Protocol Labs, the team behind the Filecoin network, has denied any bugs from their end causing the FIL double deposit issue, which drew wide attention on Thursday.
The San Francisco-based Protocol Labs published a blog post late Thursday that said reports of a Filecoin "double-spend due to a serious bug" in the network's code are "incorrect and misleading."
"The Lotus team has investigated the report thoroughly and have found no issues with the Filecoin network or the remote procedure call code (RPC) API. There is no double-spend on the blockchain itself, and no bug in the API code," the project team claimed in the post.
Protocol Labs' post was in response to reports that first emerged early Thursday PST. Some China-based Filecoin miners notified crypto exchanges that there was a potential double spend loophole on the Filecoin network.
Word of a potential double spend quickly spread across social media. To be sure, there was no on-chain double-spend. But the actual issue in question has now triggered a tug-of-war over who is to blame.
For its part, Protocol Labs said there are no bugs in its API, contending instead that exchanges "misused" its APIs.
Wallet and custody startup Cobo, co-founded by F2Pool co-founder Discus Fish, posted a follow-up article on Friday in an effort to explain the technical process behind the issue.
Cobo didn't explicitly use the word "bug" in Filecoin's API code, but called some of the code's designs "illogical."
Some users did get double-credited for their Filecoin deposits worth some $4 million. According to Protocol Labs, the affected exchange has already reverted those off-chain transactions in their internal bookkeeping system.
So what happened?
Around Friday midnight China time, developers behind the Filecoin blockchain explorer Filfox and a Filecoin hard-fork project Filestar, spotted that some FIL deposits with $4.6 million to Binance got double-credited, and subsequently notified exchanges and also Protocol Labs.
It appears that they also immediately notified Chinese media about a potential but unconfirmed on-chain double-spending, which triggered news headlines that spread across social media.
6Block, a China-based Filecoin mining firm, is the team behind the development of both Filfox and Filestar. In fact, 6Block also effectively shares the same team with Chinese public blockchain project QTUM.
As a precaution, crypto exchanges like Binance and OKEx suspended deposits in the wake of the news.
Protocol Labs initially responded to some of the Chinese media reports that it found no double spend occurred, explaining that it was a front-end issue with Filfox's blockchain explorer.
The team behind Filfox and Filestar quickly pushed back, saying that after a thorough investigation, they found a serious bug inside the Filecoin API that Protocol Labs recommended to crypto exchanges for communicating with the network when crediting user deposits.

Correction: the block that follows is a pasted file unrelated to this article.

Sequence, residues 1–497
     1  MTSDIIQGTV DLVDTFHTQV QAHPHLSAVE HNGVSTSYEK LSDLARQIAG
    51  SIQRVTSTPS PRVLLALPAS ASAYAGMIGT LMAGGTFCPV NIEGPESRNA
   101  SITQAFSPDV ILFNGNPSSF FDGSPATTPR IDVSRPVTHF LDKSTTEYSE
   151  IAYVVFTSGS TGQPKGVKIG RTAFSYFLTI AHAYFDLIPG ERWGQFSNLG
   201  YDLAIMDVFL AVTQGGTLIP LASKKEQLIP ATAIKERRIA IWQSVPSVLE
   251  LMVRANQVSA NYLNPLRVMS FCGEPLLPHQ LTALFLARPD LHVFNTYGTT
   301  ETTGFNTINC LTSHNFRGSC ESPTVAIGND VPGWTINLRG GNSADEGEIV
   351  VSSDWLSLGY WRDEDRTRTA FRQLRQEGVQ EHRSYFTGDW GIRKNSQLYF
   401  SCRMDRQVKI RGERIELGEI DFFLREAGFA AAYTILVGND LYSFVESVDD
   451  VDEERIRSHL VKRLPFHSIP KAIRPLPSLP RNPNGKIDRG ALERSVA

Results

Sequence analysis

It was through this loophole, some users managed to get their FIL deposits credited twice, Filfox and Filestar developers said.
Hours later, Protocol Labs put out its review that there is no bug in the API itself but one unnamed exchange – effectively Binance – used it incorrectly.
"The exchange in question caught this API misuse and has taken immediate action to halt deposits, withdrawals, and transfers. They have reverted the incorrect transaction in question (so no funds were lost in this incident), and are correcting their use of lotus APIs to match the recommended use," Protocol Labs said.
The firm added that other exchanges have been alerted and to its knowledge, "no other exchange has misused this API in this way."
Per Cobo's explanation, the process happened like this: Filecoin's Lotus nodes provide different types of APIs for pulling information from on-chain transactions.
For instance, ChainGetBlockMessages is one API designed to pull details of all transactions within a designated block. StateGetReceipt is another way for pulling the execution results of a designated transaction ID.
Cobo wrote that "there's one part that's not really logical in StateGetReceipt's design," which would count the same thing twice if there's a replace-by-fee transaction.
Replace-by-fee happens when a sender wants to speed up unconfirmed transactions by replacing them with a new one, usually with a higher fee attached.
"Assuming an attacker first send TX1 with a corresponding ID as TXID1. Then the attacker conducted RBF to generate TX2 with a corresponding TXID2. Eventually only TX2 got transacted on-chain. But if you use StateGetReceipt to inquire both TXID1 and TXID2, you'd get results that both are executed," Cobo wrote in the post.
Cobo said it already detected this problem when it was working with Protocol Labs to support the FIL deposit to its custody service and hence didn't use the ChainGetBlockMessages and StateGetReceipt APIs to access on-chain information.
After the report of the issue, Filecoin developers clarified the StateGetReceipt API's design and said it will discard the API after the V1 version.
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